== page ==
L’Espace géographique 4/97

Without summaries

Augustin BERQUE. Basho, chôra, Tjukurrpa, or the poem of the world. (1 fig.)

Reinventing place seems inconsistent with the logic of identity which underlies not only modernity, but European thought since the Greeks. On the other hand, the «logic of place» which was proposed by Nishida Kitarô, and which is a logic of metaphorical identification, by rejecting Platonic metaphysics, jeopardizes the moral and political values which have historically developed on this basis. This paper refers to Joel Bonnemaison's concept of «prerequisite place», confronting it with the case of the Aborigines, in order to suggest an overcoming of the alternative between Platonician place and Nishidian place.

Roger BRUNET, Jean-Christophe FRANÇOIS, Claude GRASLAND. Discontinuity in geography: research origins and problems.

The first attempt at a systematic approach to discontinuities in geography is more than thirty years old. It focused on dynamical discontinuities, quantitative-qualitative dialectics, and the limits of system. The relationships of spatial thresholds and with statistical gaps are specified in the discussion.

Claude GRASLAND. The analysis of territorial discontinuities: As an example, the age structure of european regions around the year 1980. (1 tabl., 8 fig.)

Territorial discontinuity, in other words gaps which appear along the boarder of a territorial grid representing different criteria of dissimilarity, could be a sign of the existence of social or spatial discontinuity. The multivariate analysis of these territorial discontinuities allows for the extraction of standard and directional components which simplify their interpretation. The application of the age structure case concerning 701 European regions, around the year 1980, shows the significance and deficiencies of this approach.

Jean-Christophe GAY. Sport: limits for physical activity. (2 tabl., 4 fig.)

The microgeographic analysis, according to two different scales, of premises where sports are practised, reveals their discontinuous nature. First, they are more and more cut off from their environment. At the heart of these premises, the sports area can lead to feelings of high respect which further increases the separation. At a lower level, playing fields which are divided in order to supervise competitions sometimes include structures which imitate natural or artificial obstacles.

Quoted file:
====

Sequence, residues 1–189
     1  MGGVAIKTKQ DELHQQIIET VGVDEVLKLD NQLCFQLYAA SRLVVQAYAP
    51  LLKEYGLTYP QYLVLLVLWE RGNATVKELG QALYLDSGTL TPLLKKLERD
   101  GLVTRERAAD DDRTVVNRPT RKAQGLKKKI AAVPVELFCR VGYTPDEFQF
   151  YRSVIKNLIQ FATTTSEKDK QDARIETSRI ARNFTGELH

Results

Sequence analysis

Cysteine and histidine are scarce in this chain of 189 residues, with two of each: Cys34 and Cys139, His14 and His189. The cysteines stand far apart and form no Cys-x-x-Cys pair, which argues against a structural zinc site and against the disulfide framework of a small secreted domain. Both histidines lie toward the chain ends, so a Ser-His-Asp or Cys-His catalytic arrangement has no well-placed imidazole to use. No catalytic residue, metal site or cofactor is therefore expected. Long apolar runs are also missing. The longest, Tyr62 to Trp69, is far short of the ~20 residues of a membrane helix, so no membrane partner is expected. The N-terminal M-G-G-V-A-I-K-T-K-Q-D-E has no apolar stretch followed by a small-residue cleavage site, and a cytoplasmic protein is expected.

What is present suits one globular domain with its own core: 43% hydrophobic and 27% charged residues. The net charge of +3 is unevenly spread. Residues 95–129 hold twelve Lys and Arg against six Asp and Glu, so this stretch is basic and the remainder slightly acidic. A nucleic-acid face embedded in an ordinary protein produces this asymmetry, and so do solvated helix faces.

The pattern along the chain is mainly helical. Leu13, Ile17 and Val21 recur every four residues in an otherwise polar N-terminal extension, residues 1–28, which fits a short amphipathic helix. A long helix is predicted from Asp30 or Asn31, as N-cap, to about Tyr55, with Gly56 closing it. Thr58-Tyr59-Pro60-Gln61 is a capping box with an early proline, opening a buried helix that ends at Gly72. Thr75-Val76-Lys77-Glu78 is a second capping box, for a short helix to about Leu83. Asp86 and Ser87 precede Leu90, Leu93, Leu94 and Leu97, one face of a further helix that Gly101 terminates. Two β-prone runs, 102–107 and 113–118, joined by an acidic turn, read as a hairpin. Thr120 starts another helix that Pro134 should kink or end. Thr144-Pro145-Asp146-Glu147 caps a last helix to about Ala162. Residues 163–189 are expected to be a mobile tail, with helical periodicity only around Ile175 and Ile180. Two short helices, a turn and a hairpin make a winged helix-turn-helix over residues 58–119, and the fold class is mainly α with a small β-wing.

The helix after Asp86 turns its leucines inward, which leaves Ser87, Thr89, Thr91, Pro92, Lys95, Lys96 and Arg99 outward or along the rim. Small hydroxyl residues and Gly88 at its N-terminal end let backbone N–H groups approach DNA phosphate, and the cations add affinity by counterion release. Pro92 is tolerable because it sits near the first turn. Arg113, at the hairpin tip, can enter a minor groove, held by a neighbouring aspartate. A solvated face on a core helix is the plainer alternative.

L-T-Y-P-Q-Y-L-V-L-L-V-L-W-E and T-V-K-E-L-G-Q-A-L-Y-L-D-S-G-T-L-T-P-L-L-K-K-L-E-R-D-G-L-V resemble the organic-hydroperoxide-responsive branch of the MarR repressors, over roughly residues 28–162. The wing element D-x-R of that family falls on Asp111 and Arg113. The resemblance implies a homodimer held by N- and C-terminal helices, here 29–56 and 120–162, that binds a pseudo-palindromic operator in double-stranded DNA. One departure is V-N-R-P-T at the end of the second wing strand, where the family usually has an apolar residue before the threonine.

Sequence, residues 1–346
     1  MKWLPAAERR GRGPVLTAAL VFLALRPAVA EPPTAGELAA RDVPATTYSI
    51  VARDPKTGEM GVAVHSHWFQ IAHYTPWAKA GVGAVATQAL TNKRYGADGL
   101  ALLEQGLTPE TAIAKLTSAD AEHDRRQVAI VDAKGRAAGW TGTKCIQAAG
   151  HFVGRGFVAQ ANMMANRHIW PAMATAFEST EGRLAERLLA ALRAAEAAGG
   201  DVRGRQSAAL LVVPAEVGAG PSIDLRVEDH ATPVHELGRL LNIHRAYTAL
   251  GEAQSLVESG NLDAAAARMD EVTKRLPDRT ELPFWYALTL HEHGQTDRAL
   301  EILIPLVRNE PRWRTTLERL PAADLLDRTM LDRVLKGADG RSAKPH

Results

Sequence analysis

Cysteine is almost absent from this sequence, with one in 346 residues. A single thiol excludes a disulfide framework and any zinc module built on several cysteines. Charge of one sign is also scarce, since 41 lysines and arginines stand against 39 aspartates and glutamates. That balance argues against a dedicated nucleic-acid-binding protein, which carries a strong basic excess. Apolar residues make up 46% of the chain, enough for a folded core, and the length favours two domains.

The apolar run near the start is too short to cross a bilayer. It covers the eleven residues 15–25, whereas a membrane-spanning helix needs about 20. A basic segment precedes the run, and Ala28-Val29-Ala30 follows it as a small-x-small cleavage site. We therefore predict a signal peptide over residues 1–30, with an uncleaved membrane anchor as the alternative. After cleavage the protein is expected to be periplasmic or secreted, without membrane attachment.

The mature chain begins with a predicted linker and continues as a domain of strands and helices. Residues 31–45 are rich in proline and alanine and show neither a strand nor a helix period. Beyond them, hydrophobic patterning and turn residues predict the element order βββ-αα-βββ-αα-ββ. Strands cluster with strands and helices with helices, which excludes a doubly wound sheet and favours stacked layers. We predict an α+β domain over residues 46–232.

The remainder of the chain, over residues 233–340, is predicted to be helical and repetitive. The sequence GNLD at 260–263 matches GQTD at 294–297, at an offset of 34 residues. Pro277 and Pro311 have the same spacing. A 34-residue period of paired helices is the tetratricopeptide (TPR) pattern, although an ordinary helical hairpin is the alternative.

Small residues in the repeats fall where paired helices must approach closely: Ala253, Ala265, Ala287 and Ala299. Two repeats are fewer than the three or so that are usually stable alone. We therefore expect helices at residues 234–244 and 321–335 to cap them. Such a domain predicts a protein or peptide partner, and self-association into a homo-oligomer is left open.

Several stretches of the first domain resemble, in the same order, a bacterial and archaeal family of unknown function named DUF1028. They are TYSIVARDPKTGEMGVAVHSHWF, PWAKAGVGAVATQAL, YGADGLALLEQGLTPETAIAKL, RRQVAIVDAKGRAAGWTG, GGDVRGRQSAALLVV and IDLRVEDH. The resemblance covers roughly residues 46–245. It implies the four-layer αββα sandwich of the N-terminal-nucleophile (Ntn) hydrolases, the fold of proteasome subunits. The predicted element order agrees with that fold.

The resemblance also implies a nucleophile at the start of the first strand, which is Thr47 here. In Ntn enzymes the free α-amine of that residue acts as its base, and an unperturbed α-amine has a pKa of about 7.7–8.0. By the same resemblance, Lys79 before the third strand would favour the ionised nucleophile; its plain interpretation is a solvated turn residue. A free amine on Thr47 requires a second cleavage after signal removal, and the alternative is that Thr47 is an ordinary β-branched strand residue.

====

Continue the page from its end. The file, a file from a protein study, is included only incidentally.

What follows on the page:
Pierre DARLU. Geographical representations of human biological diversity. (8 fig.)

The integration of spatial representation into the description of the human biological diversity is analysed from historical and methodological viewpoints. We show how the cartography of races, based on typological concepts at the end of the XIXth, has evolved to multivariate representations of a genetical continuum between human populations. Biological anthropologists make use of methods which modify space in order to fit the biological relationships between populations as well as methods which project these relationships on the real space by minimizing the loss of biological information. These methods are equally known and used by geographers and anthropologists. However, they are applied to different variables and at different scales and they imply different underlying time-space evolutionary models which, for the human biologists, are directly inherited from the population genetics.

Sophie PASSEGUÉ. A grid-map raster method to encode road roughness and mesure time-access levels in rural areas. (4 fig.)

A GIS is used to provide infra-municipal access measures from residential areas to commercial and service facilities in predominantly rural areas. In opposition to the vector mode (graph theory), the raster data model is not well adapted to the study of networks, but pertinent information in this type of space leads us to choose a grid-map approach rather than a reticular modelling of space which separates supply and demand areas. Beyond a simple network rasterisation, a road roughness model preserves networks-space links and provides different perspectives for spatial analysis and land planning.

Cécile HELLE, Sophie PASSEGUÉ. Looking for the optimal location for a new media library. The Drôme public reading network as an example. (3 fig.)

The cartography of public reading statistics in the department of Drôme reveals an empty central equipment space. This leads to a raster GIS application which is in search of an optimal location for a new media library aimed at balancing the whole network. This approach is spatially complementary to those currently used location-allocation models.

L’espace géographique 3/97<- ->L’espace géographique 1/98

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Last modified: November 3, 1997